While the National Park Service hoped to use the general reorganization of the executive departments as a means of acquiring the national military parks, Secretary of Agriculture Henry C. Wallace advanced another proposal. In testimony before the joint committee, Wallace asserted that administration of the public domain, and that included the national parks and all national monuments, should be solely the responsibility of the Department of Agriculture.  Wallace admitted that he was not prepared to say whether any economy would result from his proposal. Nevertheless, he argued that many of the problems facing the parks and forests were similar, and "as far as the parks are concerned, it would be practicable." 
Senator Reed Smoot of Utah, a long-time friend of the National Park Service, observed that any reorganization plan that proposed transfer of the national parks to the Department of Agriculture would not pass. With that observation, Secretary Wallace's suggestion died. 
Failure to secure transfer of the national military parks as part of a general reorganization of executive departments did not long deter Park Service officials. After 1924, according to Horace Albright, he and Mather worked hard to insure that a proposal calling for transfer of the national military parks would be a part of the program developed by President Calvin Coolidge's National Conference on Outdoor Recreation.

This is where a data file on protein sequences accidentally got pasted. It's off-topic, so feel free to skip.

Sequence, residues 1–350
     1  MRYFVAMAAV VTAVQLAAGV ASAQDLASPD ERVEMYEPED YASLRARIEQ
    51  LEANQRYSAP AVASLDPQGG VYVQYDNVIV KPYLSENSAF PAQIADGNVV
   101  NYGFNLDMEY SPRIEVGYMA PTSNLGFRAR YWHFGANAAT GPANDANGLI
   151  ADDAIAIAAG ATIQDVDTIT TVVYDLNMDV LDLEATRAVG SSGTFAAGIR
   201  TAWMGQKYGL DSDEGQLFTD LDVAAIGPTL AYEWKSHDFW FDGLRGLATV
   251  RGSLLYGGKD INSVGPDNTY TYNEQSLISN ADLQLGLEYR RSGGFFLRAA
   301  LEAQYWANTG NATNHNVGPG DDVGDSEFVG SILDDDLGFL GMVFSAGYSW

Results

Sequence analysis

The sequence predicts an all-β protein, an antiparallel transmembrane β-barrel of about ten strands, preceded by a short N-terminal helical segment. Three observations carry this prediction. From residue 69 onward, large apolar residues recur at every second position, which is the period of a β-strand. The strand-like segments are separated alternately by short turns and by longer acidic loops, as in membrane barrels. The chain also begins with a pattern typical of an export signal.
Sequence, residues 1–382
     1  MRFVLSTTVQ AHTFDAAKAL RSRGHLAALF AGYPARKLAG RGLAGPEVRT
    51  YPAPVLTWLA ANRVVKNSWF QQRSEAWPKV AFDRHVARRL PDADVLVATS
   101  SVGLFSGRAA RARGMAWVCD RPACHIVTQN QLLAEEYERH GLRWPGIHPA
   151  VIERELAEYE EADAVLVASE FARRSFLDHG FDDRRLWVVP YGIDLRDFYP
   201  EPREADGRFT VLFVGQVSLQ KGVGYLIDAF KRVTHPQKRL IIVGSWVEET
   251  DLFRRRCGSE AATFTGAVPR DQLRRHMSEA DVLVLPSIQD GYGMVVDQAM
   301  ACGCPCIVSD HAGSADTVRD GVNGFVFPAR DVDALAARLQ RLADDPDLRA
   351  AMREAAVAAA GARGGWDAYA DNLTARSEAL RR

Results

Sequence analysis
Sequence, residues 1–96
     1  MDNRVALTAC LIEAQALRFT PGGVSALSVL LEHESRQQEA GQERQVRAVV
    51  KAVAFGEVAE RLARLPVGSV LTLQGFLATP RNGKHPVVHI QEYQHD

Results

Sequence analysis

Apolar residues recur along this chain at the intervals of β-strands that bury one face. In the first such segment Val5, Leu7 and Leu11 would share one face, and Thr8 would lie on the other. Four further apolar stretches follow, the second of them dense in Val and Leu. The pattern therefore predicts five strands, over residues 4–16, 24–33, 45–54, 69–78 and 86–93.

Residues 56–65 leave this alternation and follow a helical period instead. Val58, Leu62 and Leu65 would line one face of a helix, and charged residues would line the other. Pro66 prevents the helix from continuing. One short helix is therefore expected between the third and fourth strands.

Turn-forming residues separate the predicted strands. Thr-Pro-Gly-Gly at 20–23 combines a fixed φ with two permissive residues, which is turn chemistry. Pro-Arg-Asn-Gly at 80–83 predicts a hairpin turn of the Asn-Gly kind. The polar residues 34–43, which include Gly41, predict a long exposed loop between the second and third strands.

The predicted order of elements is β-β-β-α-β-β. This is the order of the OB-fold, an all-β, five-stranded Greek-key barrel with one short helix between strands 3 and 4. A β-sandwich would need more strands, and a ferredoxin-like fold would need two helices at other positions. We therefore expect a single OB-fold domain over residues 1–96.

Secretary of War Weeks resigned on October 12, 1925. Albright, Mather, and the new Secretary of the Interior, Hubert Work, immediately contacted his successor, Dwight F. Davis, to resume inter-departmental talks regarding transfer of the military parks. 
Despite some growing opposition at the lower echelons of his department, Davis was swayed by their arguments, and indicated that he would support another attempt to transfer the military parks. On April 20, 1928, a bill that had been drafted jointly by Interior and War Department staffs was sent to Congress, along with a letter signed by the two secretaries. 
Introduced by Senator Gerald P. Nye of North Dakota, Chairman of the Committee on Public Lands, S. 4173 went further than previous efforts, proposing to transfer all military parks, national parks, and national monuments from the War Department to the Department of the Interior.  In addition, the bill provided for the transfer, as well, of all civilian employees and unexpended appropriations.  Of particular interest, because it was apparently the first time the term was used, the bill provided for a new unit in the Park System--the National Historical Park.  It is quite probable that this term reflected the direction of Horace Albright's thinking.